The military has a problem.
Its weapon systems run on computer code that could have up to five bugs per thousand lines of code and it does not think there are enough experts in America to test their code sufficiently.
And robots? They can't get the job done either.
But you could help. The Pentagon is trying to start a four-year $32 million program to turn the testing of weapon system computer code into video games.
The program is called Crowd Sourced Formal Verification and was announced last month, though it's gotten a little more press attention this week. Here's an excerpt from the project announcement issued by the Defense Advanced Research Projects Agency, or DARPA:
The United States simply does not have enough experts in formal verification of software to provide … manual analysis on the scale required to support formal verification of software in modern weapons and other systems relevant to the Department of Defense. The purpose of CSFV is to replace the requirement of expert knowledge in formal verification with human insight in the form of solutions to games.
The announcement is dense with language like that and void of any description of the games. They don't say if they're looking to make puzzle games, games about targeting and shooting or who knows what.
They do say that they need tons of games, though it seems that when they say "games" they mean "instances" or "levels" [emphasis in the original]:
The primary research challenge faced by CSFV is automated translation from formal verification problems to compelling games for end users to solve. DARPA expects (but does not require) that games will be instances of templates, more specific than game engines. Note that full automation to produce games will be essential, as there will be far too many games for manual fine tuning: DARPA expects at least hundreds of thousands of games to be needed. DARPA calls this piece of software a fully-automated game level builder.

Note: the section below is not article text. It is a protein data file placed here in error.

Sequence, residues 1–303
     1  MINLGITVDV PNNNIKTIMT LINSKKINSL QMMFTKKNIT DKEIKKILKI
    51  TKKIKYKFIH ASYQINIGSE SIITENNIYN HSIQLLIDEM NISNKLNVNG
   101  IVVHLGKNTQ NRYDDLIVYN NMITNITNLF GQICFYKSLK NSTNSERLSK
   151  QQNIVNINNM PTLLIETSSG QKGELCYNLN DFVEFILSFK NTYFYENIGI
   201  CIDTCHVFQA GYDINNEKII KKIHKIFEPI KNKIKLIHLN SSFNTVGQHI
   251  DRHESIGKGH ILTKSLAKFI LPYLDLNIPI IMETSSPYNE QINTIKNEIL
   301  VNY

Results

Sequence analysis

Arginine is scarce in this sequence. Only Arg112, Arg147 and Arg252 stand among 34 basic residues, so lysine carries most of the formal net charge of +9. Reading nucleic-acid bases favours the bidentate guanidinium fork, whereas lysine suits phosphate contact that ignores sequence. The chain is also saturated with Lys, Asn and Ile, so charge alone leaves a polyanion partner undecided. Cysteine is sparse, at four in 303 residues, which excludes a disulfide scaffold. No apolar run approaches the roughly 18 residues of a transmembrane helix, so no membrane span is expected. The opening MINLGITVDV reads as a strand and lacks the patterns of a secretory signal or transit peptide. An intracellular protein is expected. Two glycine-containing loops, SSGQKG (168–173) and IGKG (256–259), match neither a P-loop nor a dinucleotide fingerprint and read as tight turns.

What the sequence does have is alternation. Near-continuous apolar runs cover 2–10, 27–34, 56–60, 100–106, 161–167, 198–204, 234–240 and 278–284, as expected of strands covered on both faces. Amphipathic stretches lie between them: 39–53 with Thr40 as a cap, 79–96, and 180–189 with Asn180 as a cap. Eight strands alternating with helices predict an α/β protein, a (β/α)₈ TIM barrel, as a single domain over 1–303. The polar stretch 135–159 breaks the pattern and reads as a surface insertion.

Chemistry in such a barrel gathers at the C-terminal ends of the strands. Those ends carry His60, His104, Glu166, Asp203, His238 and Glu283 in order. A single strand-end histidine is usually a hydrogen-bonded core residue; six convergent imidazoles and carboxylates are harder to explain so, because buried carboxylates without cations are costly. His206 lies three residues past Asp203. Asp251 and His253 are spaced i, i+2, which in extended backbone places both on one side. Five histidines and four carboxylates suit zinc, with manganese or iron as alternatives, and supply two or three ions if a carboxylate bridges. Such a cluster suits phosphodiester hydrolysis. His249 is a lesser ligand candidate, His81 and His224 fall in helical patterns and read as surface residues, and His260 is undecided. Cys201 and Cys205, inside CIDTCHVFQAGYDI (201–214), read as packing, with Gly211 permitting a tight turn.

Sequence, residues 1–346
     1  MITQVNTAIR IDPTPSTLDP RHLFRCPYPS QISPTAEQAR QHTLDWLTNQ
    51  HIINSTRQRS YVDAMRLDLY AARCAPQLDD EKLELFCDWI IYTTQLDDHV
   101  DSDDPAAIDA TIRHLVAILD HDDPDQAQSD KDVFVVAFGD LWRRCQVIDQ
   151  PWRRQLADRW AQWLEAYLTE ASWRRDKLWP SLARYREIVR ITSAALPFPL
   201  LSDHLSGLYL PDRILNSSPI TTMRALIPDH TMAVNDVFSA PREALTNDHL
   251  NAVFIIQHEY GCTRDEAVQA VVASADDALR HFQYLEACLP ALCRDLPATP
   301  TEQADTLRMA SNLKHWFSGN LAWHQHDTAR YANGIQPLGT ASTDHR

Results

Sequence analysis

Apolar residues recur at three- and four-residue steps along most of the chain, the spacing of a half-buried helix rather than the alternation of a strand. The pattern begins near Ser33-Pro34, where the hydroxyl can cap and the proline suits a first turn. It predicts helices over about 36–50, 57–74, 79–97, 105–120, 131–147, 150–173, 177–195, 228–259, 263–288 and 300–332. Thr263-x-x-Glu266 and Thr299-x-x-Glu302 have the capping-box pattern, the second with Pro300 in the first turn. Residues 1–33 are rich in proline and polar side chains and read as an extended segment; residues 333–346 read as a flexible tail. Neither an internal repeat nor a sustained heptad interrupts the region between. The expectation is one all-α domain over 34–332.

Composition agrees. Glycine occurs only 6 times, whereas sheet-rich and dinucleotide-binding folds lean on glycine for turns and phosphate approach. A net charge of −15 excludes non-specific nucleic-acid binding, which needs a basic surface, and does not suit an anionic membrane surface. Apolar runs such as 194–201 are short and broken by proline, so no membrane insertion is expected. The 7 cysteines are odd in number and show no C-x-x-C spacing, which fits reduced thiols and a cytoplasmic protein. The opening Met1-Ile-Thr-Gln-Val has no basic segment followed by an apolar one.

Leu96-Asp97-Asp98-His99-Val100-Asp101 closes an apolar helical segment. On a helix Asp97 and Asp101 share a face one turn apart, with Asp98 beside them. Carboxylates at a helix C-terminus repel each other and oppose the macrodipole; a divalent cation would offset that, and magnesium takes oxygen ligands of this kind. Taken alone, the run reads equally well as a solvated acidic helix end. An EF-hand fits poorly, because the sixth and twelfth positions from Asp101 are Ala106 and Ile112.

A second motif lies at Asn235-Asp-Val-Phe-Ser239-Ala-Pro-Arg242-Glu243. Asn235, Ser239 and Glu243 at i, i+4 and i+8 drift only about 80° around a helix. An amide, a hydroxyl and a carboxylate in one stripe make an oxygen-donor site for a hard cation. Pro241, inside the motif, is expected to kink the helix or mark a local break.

A function of the formal verification tool, the property to be verified, and the program being verified. All styles of games are within scope of the CSFV program. Proposers should offer their most compelling game design.
DARPA is ready to dole out funding to universities, researchers and companies looking to help make these games and the systems around them. They're planning to award nearly $5 million in the next year for this and a full $32 million into 2015.
If you're thinking that this is the wrong way to go, that video games and the people who play them are the wrong tools to test America's next great weapons, just understand that there is no good alternative. From the announcement: "Some problems are expected to remain beyond any robot's ability to solve. " So much for that option.
And if this sounds familiar, DARPA was already trying to get gamers to help improve the Navy's submarines.
DARPA-BAA-12-17: Crowd Sourced Formal Verification (CSFV) [FedBizOpps.com, via SlashGear]